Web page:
History of Hunting
Human being had been hunting almost through evolution. As hunters, people have taught themselves to be alert, confident, inventive to look for means which allowed tricking the most careful wild animals. They have also learned how to hunt in groups and share the prey. In fact, their physical and intellectual development they have been able to survive by was reached in hunting. Hunting was an industry, religion, job and pleasure even for a Stone-Age human.
Hunting in Azerbaijan
That hunting has always been more than a job necessary to survive is proved by magic inspiration penetrating Gobustan's rock pictures, an amazing gallery where local history has been depicted in thousands of petroglyphs. Pictures of wild bulls, goats, deer, lions and stylized humans perfectly suit each other in hunting and fishing sceneries. Let us note the pre-hunt magic ritual to carve straight lines (supposed to be "arrows" or spears") into goats'and deer's pictures of the Gobustan "stone books" to attract success is still repeated today: hunters of the Oguz District, Azerbaijan, hammer in a wedge into a wild goat's or deer's trace for them not to escape and be their prey.
While hunting and gathering were the main food sources in the Early Stone Age, their significance decreased later on. De to settled farming to have come as a cardinal change, people became aspiring to transform natural environment instead of trying to live at its cost. However, hunt still occupies an important place in the economy. It is done on foot and on horse with bows, spears, tridents, lassos, hounds, carnivorous birds different methods being used such as trapping and chasing.
The symbolic significance of hunt for the rulers of great ancient civilizations becomes clear from books about ancient history and the arts. Hunt scenes are depicted surprisingly much.
The most indicative fact of that time was hunt being a sport but not a primitive murder. For instance, boars were only hunted on foot and with a spear. It seems the hunters' main purpose was to make hounds work, which often were as big as wolves, and trick a boar into a net.
A striking example and proof of this fact is the lines of "Seven Beauties", an everlasting poem by Nizami Ganjavi, the greatest Azerbaijan poet, who lived in the 12th century, which tell about hunt and hunting traditions during the reign of Shah Bahram-Gurr. Nizami's "Bahram" is naturally gifted being shapely, handsome, brave and adroit, a skilled rider and hunter. He spends most of his time hunting onagers ("guhrrs"), which is what gave him the alias. However, he hunts not to kill; he brands onagers he has caught and then frees them, so nobody can catch and kill them; as a matter of fact, Bahram hunts to save onagers to implement one of the Sufi statements: there must be harmony between human being and nature.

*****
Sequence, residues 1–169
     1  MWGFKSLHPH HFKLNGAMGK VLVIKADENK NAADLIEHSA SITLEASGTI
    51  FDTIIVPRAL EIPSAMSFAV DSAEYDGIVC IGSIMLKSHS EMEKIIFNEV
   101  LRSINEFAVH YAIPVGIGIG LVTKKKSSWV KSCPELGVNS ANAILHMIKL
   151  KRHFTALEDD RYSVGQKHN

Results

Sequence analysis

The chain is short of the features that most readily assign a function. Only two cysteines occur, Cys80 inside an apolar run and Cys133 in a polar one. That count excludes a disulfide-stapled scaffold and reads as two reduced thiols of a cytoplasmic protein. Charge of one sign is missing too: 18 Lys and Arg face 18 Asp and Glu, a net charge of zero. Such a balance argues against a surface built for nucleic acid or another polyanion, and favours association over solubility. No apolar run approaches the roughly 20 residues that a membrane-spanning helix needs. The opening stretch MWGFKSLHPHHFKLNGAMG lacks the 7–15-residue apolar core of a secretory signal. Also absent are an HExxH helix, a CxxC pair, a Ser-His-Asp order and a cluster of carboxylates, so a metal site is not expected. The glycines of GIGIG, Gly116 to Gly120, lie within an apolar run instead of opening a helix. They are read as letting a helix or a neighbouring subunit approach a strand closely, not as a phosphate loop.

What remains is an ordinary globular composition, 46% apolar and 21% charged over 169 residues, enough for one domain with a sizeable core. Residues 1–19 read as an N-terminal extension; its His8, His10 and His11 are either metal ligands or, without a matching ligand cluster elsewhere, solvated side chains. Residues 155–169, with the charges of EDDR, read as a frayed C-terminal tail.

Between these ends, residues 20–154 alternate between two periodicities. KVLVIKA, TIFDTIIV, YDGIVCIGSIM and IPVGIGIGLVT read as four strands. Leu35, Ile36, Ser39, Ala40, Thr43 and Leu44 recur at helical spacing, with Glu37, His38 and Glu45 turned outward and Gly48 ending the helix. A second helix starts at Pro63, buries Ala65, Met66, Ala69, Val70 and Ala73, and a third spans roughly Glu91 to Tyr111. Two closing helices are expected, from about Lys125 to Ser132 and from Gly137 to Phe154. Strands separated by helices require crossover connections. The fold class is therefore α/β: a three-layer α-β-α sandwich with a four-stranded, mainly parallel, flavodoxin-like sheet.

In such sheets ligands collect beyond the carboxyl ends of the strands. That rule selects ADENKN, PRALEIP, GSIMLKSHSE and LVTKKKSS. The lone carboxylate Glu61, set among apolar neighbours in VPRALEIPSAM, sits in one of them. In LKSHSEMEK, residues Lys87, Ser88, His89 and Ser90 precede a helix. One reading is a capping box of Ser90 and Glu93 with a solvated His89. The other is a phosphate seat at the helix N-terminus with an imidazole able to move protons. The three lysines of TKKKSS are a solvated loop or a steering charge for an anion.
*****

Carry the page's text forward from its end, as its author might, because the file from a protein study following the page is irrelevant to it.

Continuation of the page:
There are many legends, myths and written descriptions of shahs' and statesmen's hunt. For example, Shah Abbas was proud of his army, which hunters were the most of. A legend tells he once was riding round his hunting grounds and met a stranger pretending to be Shah Abbas. The wise shah asked the stranger for a permission to have a joint hunt. While hunting, he, the pretender did, showed himself such a marksman, an adroit and prominent master, that admiring Shah Abbas presented the quasi-ruler his bow with the name on.
Though hunters' weapons cardinally changed later on, the core of hunt remained the same: it can't be called a true sport if hunted animals are deprived of any chance to escape, and hounds don't participate, and hunters are not exposed even to a theoretical risk.
This is also proved in "Kabus-Name", the first prosaic work of he 11th century. The author wrote the book to educate his son Ghilanshah as a collection of ethical lessons in 44 chapters, where methods, types, skills and morals of hunt are paid a lot of attention. In the Middle Ages, hunt was an inseparable component of general educating a young noble. Hunt was regulated by a code of certain moral dos and donts.
Through the Medieval East, falconry was highly valued, which is a perfect example of believing it is hunter's excitement and passion, but not bloodshed what is important: having pushed a pray to the ground, a falcon sometimes lets it away unharmed. Initially, falconry was available for everyone, but later it became elites' privilege. A falcon became a symbol of a high social status as well as other carnivorous hunting birds did, which were kites, hawks, peregrines, and golden eagles.
Hunting scenes have been depicted in Azerbaijan's subtlest miniatures and ceramics e.g. hunting with a domesticated panther (leopard) on that from Beylagan (a district in Azerbaijan). Sultan Muhammad's Safavi miniature depicting chase hunt is very expressive.
The traditional art of carpet-weaving by Shirvan and Garabakh Schools has also shown hunt in its subject carpets. A bright color spectrum, stylized figures of hunters and animals and excellent composition are what "Ovchulug" ("Hunting") carpets are notable for.
Aristocrats' and statesmen's love of falconry couldn't prevent its decline, which intensified as more and more land was worked and rifle hunt developed along with laws to protect birds. The industrial revolution and urban growth have also negatively affected falconry because there is no more opportunity of unlimited using land free of farming, made into parks.
Firearms have opened a new page in the history of hunt, so hunting with rifles of different types dominates over other related ways in Azerbaijan.